|A South Point Bonefish|
|Francois Malherbe found this little guy on the flat|
|Francois Malherbe with his Trigger|
The search for Jeans Trigger continued and we decided to head back to the Trigger flat again. This time conditions were slightly easier and I managed to get Jean shots at three fish. Unfortunately it was one of those days when the ball just bounces the wrong way. The first fish moved off before Jean managed a shot. The second was keen and followed Jeans presentation all the way in but before it could commit it spotted both of us and spooked. The third fish also moved off before it could be presented to. After feeling like we worked the flat properly we began working the beach. I was trying to get a big Lemon Shark to eat when I heard Jean scream. He was in to a massive Bluefin. As Jean was fighting the fish I heard him shout "GEETS COMING DOWN THE BEACH!" and there they were. A shoal of about 30 fish cruising right against the beach. We actually have GoPro footage of the fish swimming around Jean. Aware of how spooky they can be to a cast I dropped a cast with them a good 100m away. I lay on the beach and waited for them to pass Jean how was 30m to my right. I twitched the fly and a beautiful silver fish shot ahead of the shoal and engulfed the fly. I didnt get a good look at the fishes size but my thinking was that so close to the beach it must have been pretty small. With that in mind I locked the drag and stopped the run completely. The fish sumersoulted twice before it began circling. I landed it in about 4 minutes and way shocked to see it was actually quite a decent fish. By now Jean had landed his and i couldnt believe the girth of it. Unfortunately the man is massive and makes the fish look a lot smaller than it is in photos but its by far the fattest bluefin ive seen. When it was on its side on the sand I shouted at Jean "Thats not a Bluefin! No ways. Its too wide and too sliver". When I got to it I was amazed. We took a few photos and released both fish simultaneosly.
I had also begun to figure the Milkfish out better. I found the channel that they access the grass through, and, although I didnt get a cast in I was suddenly feeling a bit more confident about targeting them.
In the afternoon Jean and I teamed up with our most experienced offshore angler- JD. We put out a spread of a Purple Kona on the right, a Tan/Yellow Kona on the left and a daisy chain in the middle. JD was up first and before we knew it we were in to a bait ball. Birds all around and struggling to keep fish from pulling our teasers off. I peaked over to see a giant Amberjack right next to the motor, tailed by about 15 GT's. JD struggled to get a cast out and before we knew it they were gone.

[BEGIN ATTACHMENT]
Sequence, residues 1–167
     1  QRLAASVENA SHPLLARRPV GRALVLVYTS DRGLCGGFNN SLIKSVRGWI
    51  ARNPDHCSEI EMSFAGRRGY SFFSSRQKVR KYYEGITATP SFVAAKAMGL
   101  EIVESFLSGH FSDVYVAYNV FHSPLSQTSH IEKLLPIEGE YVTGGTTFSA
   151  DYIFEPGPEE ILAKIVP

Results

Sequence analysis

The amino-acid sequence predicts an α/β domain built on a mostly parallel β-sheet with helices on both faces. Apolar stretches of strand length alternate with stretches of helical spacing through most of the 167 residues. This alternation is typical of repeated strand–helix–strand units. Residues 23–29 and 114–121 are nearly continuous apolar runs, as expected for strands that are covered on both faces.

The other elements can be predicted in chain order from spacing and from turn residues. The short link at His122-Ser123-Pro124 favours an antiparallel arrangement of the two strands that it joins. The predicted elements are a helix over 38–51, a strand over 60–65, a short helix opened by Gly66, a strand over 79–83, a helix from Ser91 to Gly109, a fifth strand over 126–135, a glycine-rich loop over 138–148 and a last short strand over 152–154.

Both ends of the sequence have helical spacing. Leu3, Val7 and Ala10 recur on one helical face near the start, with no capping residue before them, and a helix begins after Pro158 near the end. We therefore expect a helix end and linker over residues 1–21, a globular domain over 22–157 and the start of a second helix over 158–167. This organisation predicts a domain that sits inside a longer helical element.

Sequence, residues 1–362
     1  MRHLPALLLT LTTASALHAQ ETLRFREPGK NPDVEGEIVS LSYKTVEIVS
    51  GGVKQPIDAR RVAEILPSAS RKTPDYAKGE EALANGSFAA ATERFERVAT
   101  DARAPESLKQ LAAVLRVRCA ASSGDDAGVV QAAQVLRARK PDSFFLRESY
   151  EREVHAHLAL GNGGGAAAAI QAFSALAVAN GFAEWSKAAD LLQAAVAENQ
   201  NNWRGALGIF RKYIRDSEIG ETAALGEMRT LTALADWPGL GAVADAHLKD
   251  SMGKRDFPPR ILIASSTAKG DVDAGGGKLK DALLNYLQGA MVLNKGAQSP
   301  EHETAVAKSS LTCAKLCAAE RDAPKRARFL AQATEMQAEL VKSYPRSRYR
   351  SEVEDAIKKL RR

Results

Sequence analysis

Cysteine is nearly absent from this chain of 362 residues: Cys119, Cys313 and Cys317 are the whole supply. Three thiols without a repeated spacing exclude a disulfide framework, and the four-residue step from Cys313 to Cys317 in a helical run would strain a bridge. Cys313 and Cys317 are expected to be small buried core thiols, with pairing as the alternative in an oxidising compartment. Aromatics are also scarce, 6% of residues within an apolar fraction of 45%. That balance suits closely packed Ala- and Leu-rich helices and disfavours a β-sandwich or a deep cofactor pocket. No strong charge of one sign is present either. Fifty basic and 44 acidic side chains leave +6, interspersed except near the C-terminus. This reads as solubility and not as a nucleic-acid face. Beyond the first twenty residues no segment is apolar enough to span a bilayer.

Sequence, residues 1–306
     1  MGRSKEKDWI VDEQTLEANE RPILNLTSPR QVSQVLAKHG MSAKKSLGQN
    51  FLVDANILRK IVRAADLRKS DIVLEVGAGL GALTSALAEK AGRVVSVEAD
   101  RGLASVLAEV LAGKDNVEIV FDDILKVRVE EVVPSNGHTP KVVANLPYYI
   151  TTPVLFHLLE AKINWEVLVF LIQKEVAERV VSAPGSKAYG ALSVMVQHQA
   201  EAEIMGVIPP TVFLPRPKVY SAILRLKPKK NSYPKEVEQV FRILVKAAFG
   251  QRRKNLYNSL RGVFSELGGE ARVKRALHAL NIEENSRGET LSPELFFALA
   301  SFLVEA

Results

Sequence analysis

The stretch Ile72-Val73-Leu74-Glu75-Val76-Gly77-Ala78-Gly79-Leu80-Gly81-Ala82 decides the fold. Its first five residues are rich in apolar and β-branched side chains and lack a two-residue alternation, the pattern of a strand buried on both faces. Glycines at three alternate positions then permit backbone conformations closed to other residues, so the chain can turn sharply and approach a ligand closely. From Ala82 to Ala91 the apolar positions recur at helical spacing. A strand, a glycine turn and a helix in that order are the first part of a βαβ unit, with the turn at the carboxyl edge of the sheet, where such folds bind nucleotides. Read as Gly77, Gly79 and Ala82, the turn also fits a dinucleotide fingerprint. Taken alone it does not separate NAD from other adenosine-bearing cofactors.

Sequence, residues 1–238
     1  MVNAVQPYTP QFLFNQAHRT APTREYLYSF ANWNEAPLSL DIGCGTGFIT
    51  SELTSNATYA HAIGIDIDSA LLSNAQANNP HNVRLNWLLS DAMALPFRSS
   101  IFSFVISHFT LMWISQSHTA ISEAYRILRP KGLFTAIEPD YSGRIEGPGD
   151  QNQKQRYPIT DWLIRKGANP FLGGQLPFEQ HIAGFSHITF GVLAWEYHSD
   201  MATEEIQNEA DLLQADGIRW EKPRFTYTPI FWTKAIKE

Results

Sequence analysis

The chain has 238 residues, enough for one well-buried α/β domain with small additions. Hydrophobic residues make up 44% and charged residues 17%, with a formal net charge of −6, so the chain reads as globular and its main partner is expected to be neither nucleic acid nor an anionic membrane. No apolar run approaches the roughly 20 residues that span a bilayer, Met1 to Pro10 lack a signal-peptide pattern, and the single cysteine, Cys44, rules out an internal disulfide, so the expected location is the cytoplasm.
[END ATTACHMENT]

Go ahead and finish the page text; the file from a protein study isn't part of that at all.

Now it was my shot. Line stripped in the basket, Rod in Hand. Standing ready. It was only a few minutes and JD screamed. The teazers were still coming out when I dropped a cast behind the fish. "Saily!" JD screamed, "No! Two!". Then tragedy. Cedric, unsure of what we wanted cut the engine completely and both fish dropped their sails and turned from that brilliant blue to almost pitch black. The larger fish went over to my fly and began knocking it with its bill. On the second cast it eventually got it in its mouth but as I set the hook I felt nothing. The fish both turned off and vanished.
Next, Jeans shot. He had a flashy profile rigged with wire for Wahoo. As I chugged the teazer I spotted the fish right on it. I pulled it clean from the water and Jean dropped a cast but the fish was nowhere. We began trolling again and watched another grab the Purple Kona and clear about 8 feet in the air with the lure in its mouth. All this a few boat lengths behind us. We soon raised another sail and this time didnt cut the motors. The fish chased and chased and at one point JD had the fish eating the teazer right at the motor. Jean dorpped cast after cast and the fish must have ate the fly about 7 times. With no trailing hook the fish just didnt manage toi get stuck and showed about as much frustration as us.
|Jean Malherbe with his bus Bluefin|
|Spot the Geets|
|Two Sails in the spread!|
|Hook Set!..... and off.|
Second last day and the pressure was mounting. Even though I got my Trigger I still didnt have a picture with one. And thats all I wanted. The tides were now at their worst as well. The other groups had good success with GT's the previous day at "Rats and Mice"- Three small islands in the middle of an immense grass flat. So this is where we decided to start. Jean and I had gone off the GT's a bit and decided to fish the deep water from the boat. We managed some good Coral Trout and then went to pick up the others. We decided to fish the afternoon on the massive grass flats hunting for Triggers.
I went to the edge of the flat looking for Triggers in the surf but only managed to spot a GT cruising the surf. I turned back and frantically walked up and down looking for fish. But nothing. Eventually I saw Nick get into something and worked my way towards him. He had presented at a Trigger and spooked it but I saw this as a good sign that he was in an area where he at least spotting them. I quickly saw three fish but they vanished before I could get a shot. Once they are aware of anglers in the area they become impossible to catch.